Remember This Moment — This is History

Written by Rabbi Joel and Aviva Tessler on . Posted in Op-Ed

Our instructions were to arrive at Teddy Kollek Stadium in Jerusalem. From the moment we boarded buses to the new U.S. Embassy, the collective excitement and anticipation was clear. Just being on a bus with Natan Sharansky sitting a few seats away was exhilarating. We could have stayed on the bus for hours and it would have been enough for us (dayenu!).

Netanyahu, Iran, and the Art of the Nuclear Deal

Written by Editor on . Posted in Op-Ed

Prime Minister Benjamin Netanyahu’s press conference, in which he revealed that Israel had snatched from under the noses of the Iranians thousands of files outlining Tehran’s secret nuclear program prior to 2015, was certainly a tour de force. Whether it will result in the complete scrapping of the 2015 Iran nuclear deal, formally known by its cumbersome title, Joint Comprehensive Plan of Action, or JCPOA, is an entirely different matter.

Arming Teachers Isn’t a Bad Idea

Written by David Kravitz on . Posted in Op-Ed

Arming teachers with guns may not be the best solution to preventing school shootings, but it certainly isn’t a bad idea. And be sure — the people who reject the idea outright are more preoccupied with banning guns than they are in addressing violence.

Recent Shabbaton Demonstrates the Impact of Inclusion in Halachic Discourse

Written by Editor on . Posted in Op-Ed

When I was in my early twenties, living in another city and becoming increasingly Jewishly observant, I looked to the Orthodox Jewish community for ways to participate, yet found few opportunities for women to be included in discourse on Halacha (Jewish law). I am grateful that I moved to Beth Sholom Congregation and Talmud Torah in Potomac, Maryland, 11 years ago with my husband, Rabbi Nissan Antine, and our first child, where I found a vibrant Jewish community full of diverse Jewish learning opportunities for both women and men.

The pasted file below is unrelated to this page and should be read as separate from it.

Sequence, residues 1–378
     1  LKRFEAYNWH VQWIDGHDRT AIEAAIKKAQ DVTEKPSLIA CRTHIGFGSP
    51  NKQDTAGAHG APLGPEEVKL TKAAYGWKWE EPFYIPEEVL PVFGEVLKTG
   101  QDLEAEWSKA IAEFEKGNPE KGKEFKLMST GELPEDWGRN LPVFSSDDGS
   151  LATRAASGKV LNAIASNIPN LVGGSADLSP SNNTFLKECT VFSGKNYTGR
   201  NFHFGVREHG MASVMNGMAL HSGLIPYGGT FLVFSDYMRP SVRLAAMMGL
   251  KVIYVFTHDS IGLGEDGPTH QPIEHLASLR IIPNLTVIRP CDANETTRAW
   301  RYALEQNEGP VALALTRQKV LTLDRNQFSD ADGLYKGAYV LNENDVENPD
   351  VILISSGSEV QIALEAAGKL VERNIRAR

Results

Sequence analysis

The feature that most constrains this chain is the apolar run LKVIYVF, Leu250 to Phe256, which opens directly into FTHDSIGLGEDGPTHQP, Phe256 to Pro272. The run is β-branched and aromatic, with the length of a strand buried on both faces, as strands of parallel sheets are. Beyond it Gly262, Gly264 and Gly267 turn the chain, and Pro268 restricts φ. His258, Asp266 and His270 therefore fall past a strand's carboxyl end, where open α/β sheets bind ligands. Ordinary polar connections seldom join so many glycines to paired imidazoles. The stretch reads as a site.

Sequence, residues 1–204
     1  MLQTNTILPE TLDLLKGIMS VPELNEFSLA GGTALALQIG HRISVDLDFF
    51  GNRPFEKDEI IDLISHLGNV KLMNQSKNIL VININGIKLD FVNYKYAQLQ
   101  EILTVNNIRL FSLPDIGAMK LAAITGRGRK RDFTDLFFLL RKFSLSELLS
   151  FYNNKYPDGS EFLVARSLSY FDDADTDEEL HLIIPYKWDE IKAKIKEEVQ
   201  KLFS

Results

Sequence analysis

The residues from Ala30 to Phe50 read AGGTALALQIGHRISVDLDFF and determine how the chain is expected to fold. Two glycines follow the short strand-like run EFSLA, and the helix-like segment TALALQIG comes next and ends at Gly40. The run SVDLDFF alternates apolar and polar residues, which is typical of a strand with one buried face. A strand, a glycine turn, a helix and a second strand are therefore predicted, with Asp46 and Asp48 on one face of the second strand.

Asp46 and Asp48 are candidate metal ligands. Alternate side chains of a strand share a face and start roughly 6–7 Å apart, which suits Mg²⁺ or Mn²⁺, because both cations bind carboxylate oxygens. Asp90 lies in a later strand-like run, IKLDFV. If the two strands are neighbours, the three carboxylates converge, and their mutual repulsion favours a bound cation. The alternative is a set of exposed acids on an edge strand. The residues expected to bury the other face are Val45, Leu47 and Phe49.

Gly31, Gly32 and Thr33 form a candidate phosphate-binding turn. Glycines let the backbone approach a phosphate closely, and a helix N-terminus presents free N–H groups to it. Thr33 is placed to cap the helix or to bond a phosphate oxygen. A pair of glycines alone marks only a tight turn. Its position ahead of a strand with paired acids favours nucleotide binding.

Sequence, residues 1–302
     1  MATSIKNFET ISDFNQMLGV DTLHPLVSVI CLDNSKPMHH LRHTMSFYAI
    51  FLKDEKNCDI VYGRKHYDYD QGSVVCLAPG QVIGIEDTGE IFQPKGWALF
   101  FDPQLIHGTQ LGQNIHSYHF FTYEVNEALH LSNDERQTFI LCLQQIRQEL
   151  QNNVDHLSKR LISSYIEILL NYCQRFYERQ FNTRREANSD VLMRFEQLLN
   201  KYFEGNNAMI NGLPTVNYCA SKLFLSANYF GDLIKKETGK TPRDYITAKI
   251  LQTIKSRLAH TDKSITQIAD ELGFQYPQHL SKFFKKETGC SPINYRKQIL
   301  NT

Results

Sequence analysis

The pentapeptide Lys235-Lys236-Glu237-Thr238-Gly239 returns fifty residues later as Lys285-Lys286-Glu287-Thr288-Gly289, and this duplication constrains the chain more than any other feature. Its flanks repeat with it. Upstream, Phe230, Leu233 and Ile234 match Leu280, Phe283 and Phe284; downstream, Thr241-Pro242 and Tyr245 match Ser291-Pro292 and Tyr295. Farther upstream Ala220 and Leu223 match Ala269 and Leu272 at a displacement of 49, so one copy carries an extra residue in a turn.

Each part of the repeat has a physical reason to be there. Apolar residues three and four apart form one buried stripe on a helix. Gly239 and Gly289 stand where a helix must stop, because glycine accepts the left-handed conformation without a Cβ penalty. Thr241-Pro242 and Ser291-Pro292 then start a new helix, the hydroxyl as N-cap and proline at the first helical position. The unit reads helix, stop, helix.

Empower the Disabled Community and See Our Mutual Value

Written by Jennifer Laszlo Mizrahi on . Posted in Op-Ed

February is Jewish Disability Awareness and Inclusion Month. This year it falls out as we are learning about Moses, who had the disability of a speech impediment yet was one of our most important leaders. We are also learning this month that Jews of every ability were at Mount Sinai to receive the Torah.

GW ‘Joins the Jackals’ in Passing BDS Bill

Written by Jackson Richman on . Posted in Op-Ed

George Washington would be ashamed of the students at his namesake university who called Monday evening for the university’s administration to divest from Israel, the Jewish State and only true democracy in the Middle East.

Arm Teachers? Thanks but No Thanks

Written by Lindsay Ceresnie on . Posted in Op-Ed

Being a teacher means much more than educating students. In addition to creating and implementing lessons and providing feedback on students’ work, we are responsible for maintaining detailed records, managing behavior, seeking out resources when students’ basic needs go unmet, attending data meetings, and completing ongoing professional development. The list of our official and unofficial duties is seemingly unending.

Seeing the Best of a Community

Written by Karen and Jeff Wasserstein on . Posted in Op-Ed

“Speak little. Do much.” (Pirkei Avot 1:15) — these words aptly describe many of the people we have met and interacted with during our years chairing the Kemp Mill Synogogue (KMS) Tzedakah Committee in Silver Spring, Maryland. We have had the honor of serving on the KMS Tzedakah Fund for the past 12 years, and as we step down, we wanted to give the community a picture of how much care and love we got to see behind the scenes.

The Masks We Wear

Written by Editor on . Posted in Op-Ed

There is no holiday like Purim. Not only is it a mitzvah to be happy, when you think about it, Purim is also the only holiday in the Jewish tradition where it is permitted, even compulsory, to drink and be silly.